Remembering my friend Gary Smyth
HodgePodge By Charlie Hodge
This is all wrong. None of it makes any sense.
I was busy packing up some hockey memorabilia into a box to eventually mail to him – when the phone rang. How can I mail a parcel to Gary if he is not there to receive it?
I am a at a loss.
My good friend Gary Smyth has died.
So far I know nothing more other than he had a heart infection recently diagnosed and then taken from us too rapidly.
Regardless, his sudden demise leaves family, friends, and those in the music industry in shock. Gary was truly one of the ‘good guys’. Kind gentle, talented – he was simply an all round wonderful person.
Our friendship began through music some 40 years ago, but we did not know each other well or hang out together back then. However, soon after I returned from living on Vancouver Island (around 2001) we formed a bond of friendship sharing numerous hours on the road and even more in my backyard just sharing thoughts and dreams. The first years of those conversations we shared beer together, the latter coffee. He loved to visit under the guise of helping me with yard work. It was really just a foil to chat and sort out our hearts. I loved the man, his wit and his genuine love of life. Gary eventually quit the beer when he realized it was running his life. He handled his addiction and withdrawal well and was a great coach and mentor to others on that long journey.
He truly was a dear friend and brother.
I have spent three days trying to share my thoughts and simply feel lost. Since then I have received a number of emails or read Facebook comments by other friends. They expressed their feelings better than I – so I share their words. I will try again with my own thoughts on another day.
With love to you Gary and Pauline:
“Gary Smyth is a Canadian, through and through. His original songs are taken from real life, with a dash of humour, a pinch of emotion and a good portion of roots-inspired playing. Gary is well known in Western Canada as lead guitarist for the Roots/Americana band, The Cruzeros, a band that played festivals coat-to-coast in Canada and in Europe. He is also a veteran of the Vancouver rock scene, the Toronto country scene and plays jazz and blues and loves teaching guitar. That scratches the surface of his experience as a musician. As a lead guitarist and bassist, he was not known as a singer/songwriter until his recent album, “How To Laugh”.
“Smyth’s unique guitar playing was built on jazz, country, rock ‘n’ roll, Americana, folk and beyond. The song always came first, heart and soul makes it come alive. Deep experience with many artists, in many forms, from solo shows to playing in front of symphony orchestras made for a well-rounded artist. In Kelowna, Gary was a long-time lead guitarist for country rockers/roots The Cruzeros. From there to jazz roots Cowboy Bob, pub rock trio Green Room Riders, eclectic guitar duo the Stringers with brilliant guitarist Sean Bray, gigs with Dirt Road Opera and more. – eiKelowna.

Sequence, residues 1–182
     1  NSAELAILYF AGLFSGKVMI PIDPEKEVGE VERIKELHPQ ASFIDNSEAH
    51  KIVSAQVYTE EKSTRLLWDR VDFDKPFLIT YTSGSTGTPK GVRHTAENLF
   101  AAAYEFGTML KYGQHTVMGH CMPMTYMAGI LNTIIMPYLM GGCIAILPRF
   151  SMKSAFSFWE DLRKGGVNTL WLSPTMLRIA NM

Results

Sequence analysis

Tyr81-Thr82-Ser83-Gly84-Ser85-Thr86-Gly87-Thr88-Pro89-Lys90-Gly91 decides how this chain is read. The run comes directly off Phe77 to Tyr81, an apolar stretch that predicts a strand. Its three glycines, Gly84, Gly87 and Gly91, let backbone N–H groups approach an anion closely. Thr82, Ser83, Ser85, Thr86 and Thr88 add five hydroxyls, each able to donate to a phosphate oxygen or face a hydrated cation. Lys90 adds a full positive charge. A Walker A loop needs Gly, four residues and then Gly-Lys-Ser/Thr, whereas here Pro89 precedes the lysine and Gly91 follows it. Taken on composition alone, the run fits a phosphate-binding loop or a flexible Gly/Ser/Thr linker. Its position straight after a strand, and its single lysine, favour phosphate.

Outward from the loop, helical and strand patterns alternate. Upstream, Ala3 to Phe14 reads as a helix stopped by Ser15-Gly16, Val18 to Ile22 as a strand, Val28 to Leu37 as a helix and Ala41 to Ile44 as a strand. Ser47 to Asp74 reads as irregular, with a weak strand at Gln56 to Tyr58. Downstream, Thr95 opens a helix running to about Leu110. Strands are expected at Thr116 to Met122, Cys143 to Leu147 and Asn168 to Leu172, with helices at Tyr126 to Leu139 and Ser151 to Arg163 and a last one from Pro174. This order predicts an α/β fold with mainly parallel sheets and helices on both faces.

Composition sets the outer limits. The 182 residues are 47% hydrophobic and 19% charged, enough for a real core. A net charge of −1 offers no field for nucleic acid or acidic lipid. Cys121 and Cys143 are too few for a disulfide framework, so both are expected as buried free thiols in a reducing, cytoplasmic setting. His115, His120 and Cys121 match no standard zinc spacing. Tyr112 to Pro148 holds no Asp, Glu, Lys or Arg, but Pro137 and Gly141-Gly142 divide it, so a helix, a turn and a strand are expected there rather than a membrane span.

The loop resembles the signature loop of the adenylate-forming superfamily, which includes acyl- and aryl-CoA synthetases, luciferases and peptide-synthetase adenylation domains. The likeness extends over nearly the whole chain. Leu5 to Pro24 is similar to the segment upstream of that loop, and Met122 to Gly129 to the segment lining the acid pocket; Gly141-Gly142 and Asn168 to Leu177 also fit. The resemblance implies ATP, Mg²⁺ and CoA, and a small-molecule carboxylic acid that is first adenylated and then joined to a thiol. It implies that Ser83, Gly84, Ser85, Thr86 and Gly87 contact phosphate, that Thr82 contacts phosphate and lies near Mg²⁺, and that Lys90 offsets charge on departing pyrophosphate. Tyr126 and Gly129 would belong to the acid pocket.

Good friend and band mate Dan Clifford wrote, “This world lost one of the good guys this week. If everyone who ever said ‘my friend, Gary Smyth’ got together we could be a town, maybe even a city.
“Apart from being a great musician Gary was a ‘Helper’ of all sorts. Anyone he helped musically sounded much better because of it, he had deep empathy for people less fortunate than himself and he was there for his friends when others might not have been, whether it be for physical help or companionship. He was a team guy, if he would have been a hockey player the Leafs might have won a cup in recent history, ho ho ho. I know the team he loved best was team Gary and Pauline, they traveled, listened to so much music, hosted some amazing dinner parties, turned houses into fabulous homes and he loved just watching TV with Pauline and Dexter by his side. We played guitars and sang together at many occasions, never made a nickel doing it but we sure had fun and sometimes I sounded pretty good with my friend Gary Smyth helping me out.”
Sean Bray wrote, “Gary and I shared the love of the same important things in life – family, dogs, guitars, humour, the Toronto Maple Leafs, coffee and Steely Dan! Going to miss playing music together and just hanging out with my dear friend.”
Jim Ryan wrote, “While Gary and I never lived in each others’ back pockets; we caroused in various musical and social circles apart from the other – since playing together in a band together in 1980, we loved and respected each other in bands we played together in until 2019. A particular joy was forming the Green Room Riders with he and Scott Grant sometime in 2016. I fully appreciated his musicianship, dry humour, gentleness during that time. Today I look at my kitchen table where he and I drank endless cups of coffee and laughed at things and moments only shared by two people who’d travelled long storied roads, apart and together. He’ll remain in my life for my remaining days. I’ll grin, laugh, shed an occasional moist eye or two thinking of him. Ladies and gentlemen, Gary Smyth.”
Last but not least band member for 40 years if not more – Curtis Tulman wrote, “Goodbye Gary Smyth, dearest friend, most giving of souls, mentor, musician extraordinaire and wonderful human being. It is a testament to your beautiful and magnificent life that so many hearts are broken today. I owe you so much. 41 years of deep friendship was not enough. The hundreds of gigs we played was not enough. The thousands of laughs and many many conversations and road trips together – not enough. You are so deeply and dearly loved and it is my profound hope to see you again someday, some way, God willing. Thank you for all the happiness you caused in my life, you dear sweet man. Rest well.”